We had a break then so ranted to the camera about this woman’s fakery. See? We said there would be one person who irritated us. We were right. And we were stuck with her until free time at 2 a.m. The night suddenly seemed like a ten year stretch.

We went into the laundry rooms next and the leader switched on the Banshee Box. We’d not heard of one of these but man this was fun. Apparently, it has words in its database that are broken, so spirits have to put the words back together to speak. Not sure how spirits would know how to do this. We hope that if we become ghosts, we don’t have to do this. We can just about master our MP3 Players. It spat our broken words in a voice that Lynx said sounded suspiciously like the Mysterons. Luckily Lynx was in a burgundy skirt and Cat was wearing a red tartan coat so Captains Scarlet were on hand to fight them. It rambled gibberish in its creepy voice while Fake Away mentioned she sensed someone called David. Cat “half the prison population were probably called Dave.” The leader laughed and said that’s probably true as everyone knows a Dave. Cat “It’s like there was always one called William. I know about five Daves.” We’re related to two. David wasn’t mentioned again. The woman thought it said “zozo”. This thing wasn’t speaking English. It certainly wasn’t spitting out fictional demon names.

Gloucester prisonThere was an interesting response on the rem pod though. It started buzzing and at one point lit up and when the leader asked it to switch out the blue light, switched out. But it wasn’t responsive to other commands and just kept buzzing to itself like an angry mechanical bee.

We were then taken to the kitchens. The two guys in there kept saying how active it had been, how four people got affected, fleeing the kitchen retching and the fifth one had to be removed. Uh huh. Their activity was about to die because the ghost busters (aka Calamityville Horror) showed up. Sure enough, not much happened. There were some light responses on the K2 to people’s questions but the guys kept saying there were people there but they were too scared to come into the circle. Prisoners too scared to enter a circle of women? Three of whom are midget sized? The team kept talking about how active it was with all the other groups. No doubt they would be saying that about our group too. One guy said he could smell sulphur. Fake Off said “don’t say that. First we had Zozo, now sulphur.” Sulphur smells are associated with demonic entities. And landfill sites. The guy asked the significance of the sulphur, but Fake and Bake just said “don’t say that.” Lynx told him it meant demons. The guy asked who was Zozo. Lynx “he’s the latest paranormal craze.” Cat “Think Zak Bagans started it.” The woman said “actually it started with Zeppelin.” But when she tried to explain who Zozo was, she couldn’t and shut up. Yes. Pipe down with your fakery and your demonic bullshit.Gloucester prison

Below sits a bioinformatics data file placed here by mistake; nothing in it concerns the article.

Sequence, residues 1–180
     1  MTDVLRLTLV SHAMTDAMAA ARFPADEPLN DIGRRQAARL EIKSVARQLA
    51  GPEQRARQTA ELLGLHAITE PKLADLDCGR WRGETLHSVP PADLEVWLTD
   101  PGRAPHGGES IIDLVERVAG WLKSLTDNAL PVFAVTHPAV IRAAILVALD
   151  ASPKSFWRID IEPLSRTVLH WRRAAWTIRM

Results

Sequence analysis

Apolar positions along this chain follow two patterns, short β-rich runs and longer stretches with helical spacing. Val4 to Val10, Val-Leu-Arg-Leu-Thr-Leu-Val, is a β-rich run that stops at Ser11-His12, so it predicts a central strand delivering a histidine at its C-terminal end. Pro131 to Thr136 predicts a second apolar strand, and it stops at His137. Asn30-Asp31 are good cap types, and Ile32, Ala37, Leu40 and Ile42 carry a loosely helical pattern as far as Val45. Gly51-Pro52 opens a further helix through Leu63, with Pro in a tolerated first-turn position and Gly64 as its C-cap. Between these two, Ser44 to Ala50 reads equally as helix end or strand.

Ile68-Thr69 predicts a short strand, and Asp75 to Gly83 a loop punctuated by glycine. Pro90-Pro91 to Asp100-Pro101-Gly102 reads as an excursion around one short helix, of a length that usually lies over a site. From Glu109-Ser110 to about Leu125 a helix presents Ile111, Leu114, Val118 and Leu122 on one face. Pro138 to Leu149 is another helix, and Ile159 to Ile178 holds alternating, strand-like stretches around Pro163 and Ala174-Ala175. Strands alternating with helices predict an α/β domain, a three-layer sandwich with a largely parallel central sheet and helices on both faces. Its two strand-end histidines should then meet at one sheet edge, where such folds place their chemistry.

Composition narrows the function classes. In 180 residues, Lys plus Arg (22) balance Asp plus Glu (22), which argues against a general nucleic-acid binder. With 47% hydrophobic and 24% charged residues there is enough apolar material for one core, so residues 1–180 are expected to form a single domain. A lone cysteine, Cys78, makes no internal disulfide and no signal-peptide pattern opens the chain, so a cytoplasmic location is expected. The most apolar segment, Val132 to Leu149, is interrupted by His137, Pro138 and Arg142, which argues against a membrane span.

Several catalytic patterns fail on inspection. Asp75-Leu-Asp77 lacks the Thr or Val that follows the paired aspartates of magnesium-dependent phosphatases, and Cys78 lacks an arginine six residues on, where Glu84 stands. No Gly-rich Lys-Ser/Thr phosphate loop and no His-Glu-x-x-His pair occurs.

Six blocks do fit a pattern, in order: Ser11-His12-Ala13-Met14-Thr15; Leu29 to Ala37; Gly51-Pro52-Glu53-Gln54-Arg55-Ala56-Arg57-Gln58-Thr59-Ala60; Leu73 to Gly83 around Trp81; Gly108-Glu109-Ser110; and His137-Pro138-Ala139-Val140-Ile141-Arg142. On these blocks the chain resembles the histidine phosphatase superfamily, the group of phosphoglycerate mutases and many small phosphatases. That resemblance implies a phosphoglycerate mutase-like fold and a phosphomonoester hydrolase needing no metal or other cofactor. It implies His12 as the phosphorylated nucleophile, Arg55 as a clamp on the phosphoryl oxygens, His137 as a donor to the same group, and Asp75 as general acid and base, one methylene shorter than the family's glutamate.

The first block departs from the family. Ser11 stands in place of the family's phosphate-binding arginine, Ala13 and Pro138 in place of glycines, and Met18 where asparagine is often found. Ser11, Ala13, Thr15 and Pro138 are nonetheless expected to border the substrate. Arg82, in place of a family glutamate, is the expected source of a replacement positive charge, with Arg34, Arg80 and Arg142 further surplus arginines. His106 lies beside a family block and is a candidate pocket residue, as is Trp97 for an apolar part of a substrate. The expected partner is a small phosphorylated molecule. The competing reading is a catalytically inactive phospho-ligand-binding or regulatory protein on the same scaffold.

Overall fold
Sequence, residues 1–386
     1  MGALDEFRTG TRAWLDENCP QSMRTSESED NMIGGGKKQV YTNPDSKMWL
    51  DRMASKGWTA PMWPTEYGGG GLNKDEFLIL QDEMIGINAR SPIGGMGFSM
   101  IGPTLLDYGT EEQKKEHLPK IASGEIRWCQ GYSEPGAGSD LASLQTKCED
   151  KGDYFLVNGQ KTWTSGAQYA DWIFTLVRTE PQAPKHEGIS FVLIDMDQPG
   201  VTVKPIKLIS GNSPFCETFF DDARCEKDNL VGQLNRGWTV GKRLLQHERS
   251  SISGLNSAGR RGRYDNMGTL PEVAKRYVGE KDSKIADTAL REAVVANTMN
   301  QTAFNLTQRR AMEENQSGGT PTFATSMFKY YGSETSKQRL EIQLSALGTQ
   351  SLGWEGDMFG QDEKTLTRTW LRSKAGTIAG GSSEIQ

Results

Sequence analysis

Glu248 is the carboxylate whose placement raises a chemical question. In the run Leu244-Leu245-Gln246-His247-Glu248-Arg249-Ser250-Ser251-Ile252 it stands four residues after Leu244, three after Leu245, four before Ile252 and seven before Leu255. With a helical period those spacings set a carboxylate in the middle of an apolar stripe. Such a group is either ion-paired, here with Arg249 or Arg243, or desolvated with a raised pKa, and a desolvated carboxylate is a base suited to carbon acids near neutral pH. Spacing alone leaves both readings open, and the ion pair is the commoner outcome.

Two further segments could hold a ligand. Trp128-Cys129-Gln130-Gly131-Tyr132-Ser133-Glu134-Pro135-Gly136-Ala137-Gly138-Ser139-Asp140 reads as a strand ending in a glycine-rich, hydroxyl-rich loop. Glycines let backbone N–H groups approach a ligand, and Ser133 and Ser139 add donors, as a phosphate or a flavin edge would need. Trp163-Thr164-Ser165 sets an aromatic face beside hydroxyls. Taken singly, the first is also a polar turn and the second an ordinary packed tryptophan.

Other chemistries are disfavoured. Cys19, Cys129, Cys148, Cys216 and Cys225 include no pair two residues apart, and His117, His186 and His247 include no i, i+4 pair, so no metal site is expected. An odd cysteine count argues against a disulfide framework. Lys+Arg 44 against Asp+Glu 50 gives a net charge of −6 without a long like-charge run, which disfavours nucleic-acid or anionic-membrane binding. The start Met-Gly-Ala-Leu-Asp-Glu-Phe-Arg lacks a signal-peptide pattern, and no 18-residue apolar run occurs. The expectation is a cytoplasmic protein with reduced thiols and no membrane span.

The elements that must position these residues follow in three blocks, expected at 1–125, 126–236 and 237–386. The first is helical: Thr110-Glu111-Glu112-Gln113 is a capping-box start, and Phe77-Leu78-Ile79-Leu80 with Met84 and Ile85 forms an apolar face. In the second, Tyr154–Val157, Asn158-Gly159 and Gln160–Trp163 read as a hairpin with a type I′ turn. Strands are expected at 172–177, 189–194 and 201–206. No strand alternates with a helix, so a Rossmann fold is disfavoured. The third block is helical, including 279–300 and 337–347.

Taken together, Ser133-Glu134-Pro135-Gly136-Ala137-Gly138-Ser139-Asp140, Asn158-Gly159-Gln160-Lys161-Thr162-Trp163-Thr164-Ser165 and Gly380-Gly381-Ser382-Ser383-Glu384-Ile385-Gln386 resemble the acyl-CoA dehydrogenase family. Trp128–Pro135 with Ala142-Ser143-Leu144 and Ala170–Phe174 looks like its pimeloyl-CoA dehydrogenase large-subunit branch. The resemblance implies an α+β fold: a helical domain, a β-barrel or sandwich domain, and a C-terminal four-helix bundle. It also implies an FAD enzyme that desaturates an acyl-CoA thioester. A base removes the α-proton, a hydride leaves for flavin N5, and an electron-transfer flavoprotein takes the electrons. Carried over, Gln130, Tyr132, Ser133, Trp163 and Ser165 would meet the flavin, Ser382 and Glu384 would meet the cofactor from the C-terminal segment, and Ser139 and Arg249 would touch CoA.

We could hear water dripping but the team said there were no working taps. When we returned to the kitchens alone at the end of the night, we could still hear the dripping. Lynx and Neen went to investigate and found…a leaking tap! Thought they said there were no working taps. This was an easy one to debunk but they didn’t seem interested in that.

We moved to A wing with the medium. Apparently the other teams had doors slamming. And guess what our team got? Bugger all. The other members of our group were now commenting on how our group were getting nothing. We kept quiet about this always happening to us. We’d made ourselves unpopular enough. The medium said there were about five spirits around us and kept going on about a dark negative energy in B wing. We asked if we could go there instead. In the end, she sent Cat there with one of the team. Nothing. Not a door slam, no footsteps, no voices, no evil energy. All we could hear was one of the other groups being incredibly noisy. Way to ruin our vigils!

At 2 a.m we headed back to the break room then at 2:25, set off alone. We went to B wing first. So did a lot of other people. We couldn’t do any vigils due to the noise. So we did a cool silhouette photo against a giant window and selfie on a bunk bed. Then we moved to the kitchens where Lynx and Neen debunked the dripping water. We headed back to C wing to see if the light would return but it didn’t. So we headed to A Wing, where Jenny is supposed to haunt A3 25. You can’t get up to A3 and none of the doors have numbers on. We did a vigil in the corridor and eventually, the other guests started to leave so the prison quietened down. Neen and Elaine retired to the break room at 3:35 so it was just us two left. By now, the other guests had left. We had the entire prison block to ourselves. Finally. But it didn’t feel creepy. Without everyone else there, it was quiet. It was incredibly windy and the building next door had plastic sheeting which made a lot of noise. We suspect the wind was responsible for a lot of noise activity heard through the night. And there were broken windows, which would explain banging noises that sounded like they were coming from upstairs. Or maybe it was Zozo the famous demon running amok and slamming doors because terrorising guests in Gloucester was the best use of his time that night. We may never know.Gloucester prison